Leslie Chang writes in “Factory Girls” – a fascinating book about migrant workers pursuing the “Chinese dream” – of Chinese people’s tendency to gloss over history. As she interviewed subjects for her book she constantly came against a kind of national amnesia. People made light of their past suffering or resorted to, “I don’t remember much.”
Her sentiment resonated with me when I read the book, for how many times have I heard my elders retell the hardship of the 1950’s through a few small anecdotes that sweep over countless details?
“When there was no food grandma made pancakes out of rough grains, stuff that would’ve been animal feed in other times. She always made a cornmeal cake for your uncle because he had horrible stomachaches. The rest of us stared at that golden cake on the stove, imagining how it tasted.”
“With inflation, the sacks of bills that great-grandma’s family stashed away became worthless overnight. They started to wipe the kids’ bums with the useless notes.”
While traveling through Ningxia last fall, I also witnessed a kind of heartless forgetfulness. At the China West Film Studio, I walked through a period set – “Cultural Revolution Street” – where tourists cheered on a mock denunciation meeting. Children ran around wielding prop rifles. Some visitors even paid money to don era costumes and film their own antics.
My American friend quietly commented, “Imagine Germans staging a reenactment of the Holocaust.”
I was reminded of this forgetfulness (or is it a collective coping mechanism?) last week, when I went home to Harbin to celebrate Chinese new year with my family. My cousin was entertaining visitors from afar and invited me to dinner with them at “Xiang Cun Da Yuan” (Big Village Yard). The Yard is a sort of dinner plus show venue specializing in “er ren zhuan” (bawdy folk duets).
I had seen enough retro – some might even be called retro chic – restaurants to know that I should expect homespun kitsch at the Yard. Walls plastered with newspapers, flowery table cloths, and servers sporting pigtails and simple country garb – these are the essentials. But this particular “village yard” took the nostalgia to a whole new level.
I walked into the three-storey Village Yard and felt like I was in a replica of a China West Film Studio lot. Servers wearing khaki green uniforms with red epaulets, red star caps, and red arm bands bearing “Serve the people” slogans roamed the floors. I took in the bamboo tables and thatched roofs over every “yard” (private table), strings of peppers and corn hanging out to dry, and posters of Chairman Mao on the walls and realized that this wasn’t just a retro folk-themed restaurant. It was a 1960’s themed restaurant, heavily draped in the politics of the era.
The food was authentic hometown fare, but I was engrossed in the show. “Er ren zhuan” itself was but a tiny portion of the program. The majority of the evening centered on uniformed “guards” singing revolutionary songs and reliving the glory days when poor farmers lauded the arrival of communist liberation soldiers.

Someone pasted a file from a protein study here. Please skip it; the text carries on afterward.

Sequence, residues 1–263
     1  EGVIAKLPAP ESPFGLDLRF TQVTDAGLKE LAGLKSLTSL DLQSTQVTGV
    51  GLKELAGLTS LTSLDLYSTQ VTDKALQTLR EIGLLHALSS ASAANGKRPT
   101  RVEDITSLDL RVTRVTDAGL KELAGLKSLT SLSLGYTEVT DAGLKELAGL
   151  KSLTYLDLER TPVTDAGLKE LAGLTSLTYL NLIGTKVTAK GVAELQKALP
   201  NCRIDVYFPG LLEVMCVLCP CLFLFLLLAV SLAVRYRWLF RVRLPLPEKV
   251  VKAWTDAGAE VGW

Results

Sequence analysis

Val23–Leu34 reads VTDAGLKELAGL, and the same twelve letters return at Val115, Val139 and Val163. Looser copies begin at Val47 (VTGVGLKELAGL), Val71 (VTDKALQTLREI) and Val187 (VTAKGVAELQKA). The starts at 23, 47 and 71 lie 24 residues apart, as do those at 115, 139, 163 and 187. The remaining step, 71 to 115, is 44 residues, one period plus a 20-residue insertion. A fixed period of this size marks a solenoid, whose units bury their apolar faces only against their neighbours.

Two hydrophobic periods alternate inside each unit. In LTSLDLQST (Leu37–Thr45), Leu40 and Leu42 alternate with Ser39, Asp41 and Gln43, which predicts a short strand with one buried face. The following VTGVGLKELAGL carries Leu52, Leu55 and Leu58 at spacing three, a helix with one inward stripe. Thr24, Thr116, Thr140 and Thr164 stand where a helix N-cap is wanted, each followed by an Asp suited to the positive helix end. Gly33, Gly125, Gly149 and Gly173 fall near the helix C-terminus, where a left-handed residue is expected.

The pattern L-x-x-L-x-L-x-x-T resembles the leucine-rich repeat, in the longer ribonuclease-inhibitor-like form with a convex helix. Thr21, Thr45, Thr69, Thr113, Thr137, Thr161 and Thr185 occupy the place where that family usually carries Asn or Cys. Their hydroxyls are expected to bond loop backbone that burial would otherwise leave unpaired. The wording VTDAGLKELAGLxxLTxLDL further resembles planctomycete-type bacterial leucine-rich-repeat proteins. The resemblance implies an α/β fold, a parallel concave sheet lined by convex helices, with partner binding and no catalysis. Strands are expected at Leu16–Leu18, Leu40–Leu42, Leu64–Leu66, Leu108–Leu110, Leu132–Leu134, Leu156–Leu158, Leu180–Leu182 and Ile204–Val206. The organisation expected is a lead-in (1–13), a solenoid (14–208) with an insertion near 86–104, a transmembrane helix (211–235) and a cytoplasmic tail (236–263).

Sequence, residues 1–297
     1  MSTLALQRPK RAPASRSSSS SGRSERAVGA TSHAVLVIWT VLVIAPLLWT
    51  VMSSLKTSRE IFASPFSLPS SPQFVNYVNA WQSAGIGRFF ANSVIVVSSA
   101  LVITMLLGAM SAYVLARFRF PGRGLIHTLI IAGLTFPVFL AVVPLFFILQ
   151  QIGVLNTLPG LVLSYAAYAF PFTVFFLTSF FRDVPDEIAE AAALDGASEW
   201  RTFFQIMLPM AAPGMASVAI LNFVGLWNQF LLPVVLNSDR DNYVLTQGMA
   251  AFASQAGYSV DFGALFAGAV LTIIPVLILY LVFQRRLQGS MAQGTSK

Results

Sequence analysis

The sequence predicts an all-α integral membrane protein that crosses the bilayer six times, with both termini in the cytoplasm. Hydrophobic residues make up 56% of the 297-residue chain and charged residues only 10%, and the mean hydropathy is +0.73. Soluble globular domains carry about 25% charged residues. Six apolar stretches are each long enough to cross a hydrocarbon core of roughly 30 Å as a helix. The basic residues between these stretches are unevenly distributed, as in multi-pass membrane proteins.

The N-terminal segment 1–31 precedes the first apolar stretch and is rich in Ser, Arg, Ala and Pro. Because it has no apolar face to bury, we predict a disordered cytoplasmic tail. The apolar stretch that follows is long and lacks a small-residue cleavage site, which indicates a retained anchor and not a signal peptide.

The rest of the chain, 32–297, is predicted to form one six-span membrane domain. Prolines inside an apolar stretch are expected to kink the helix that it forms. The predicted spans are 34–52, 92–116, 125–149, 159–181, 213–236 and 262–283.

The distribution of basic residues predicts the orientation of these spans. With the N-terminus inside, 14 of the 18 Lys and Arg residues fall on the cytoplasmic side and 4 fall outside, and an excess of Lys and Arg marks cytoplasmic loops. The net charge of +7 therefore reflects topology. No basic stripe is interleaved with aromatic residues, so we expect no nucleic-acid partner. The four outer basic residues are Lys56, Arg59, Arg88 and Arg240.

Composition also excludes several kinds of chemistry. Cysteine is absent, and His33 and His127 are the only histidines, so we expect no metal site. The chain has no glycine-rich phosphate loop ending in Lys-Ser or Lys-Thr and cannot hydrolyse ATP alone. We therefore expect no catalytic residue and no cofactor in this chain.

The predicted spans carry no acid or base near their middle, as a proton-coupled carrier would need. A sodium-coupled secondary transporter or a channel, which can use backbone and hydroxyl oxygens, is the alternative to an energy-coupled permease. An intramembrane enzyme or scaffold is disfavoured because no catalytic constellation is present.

The theatrics were impressively detailed. The performers were fresh-faced and eager, their costumes varied and real. An older actor marched through the crowd a few times in different ensembles to evoke the actions of 60’s revolutionaries: armed with a bayonet for fighting, a sickle for farm work, and the full regalia of a Korean War combatant, complete with a heavy duty field radio.
The irony beneath this curious entertainment and the revival-like atmosphere it had created among the diners didn’t escape me. The entrepreneur behind the Yard employed every capitalist business tactic at his disposal to reap profits from selling communism. With more than a hundred people in captive (and inebriated) audience, the restaurant staff sold folk paintings in a live auction, took orders for personalized greetings, and solicited song requests. One enthusiast even paid to belt out his favorite tune on stage. Fortunately, the band terminated every song after just a few verses. All around the “yards”, costumed servers hawked baskets full of popcorn, candies, and other consumables table to table.
I was enthralled and snapped away with my camera. But I also felt guilty at partaking in such revelry. How could I wholeheartedly enjoy an evening that showcased only the good stuff of history and left out all the bad? What were my fellow diners thinking as they drunkenly swayed to the music?
Like Leslie Chang, I’ve often wondered if people here simply don’t remember the past, or if it’s just easier to cope with tragedies by focusing only on the good memories? Or could it be that life in our changing society is so complex now that people long for the simplicity of a time when they had a swelling of pure hope?
As I silently analyzed the evening’s proceedings, I also noticed that I was the only one who wasn’t fun. Red-faced diners, most of them tourists, ran around trying to get pictures taken with the performers. A group of rowdy men even jumped on stage to pick up props and pose for photos while the singers tried to carry on.
I was indeed alone in my worry and sadness, sadness for the bad things that came after the idealism of the early revolutionary days. I think this is the same loneliness that Leslie Chang felt when she travelled from north to south, researching the history of her family and the pursuit of the modern Chinese dream.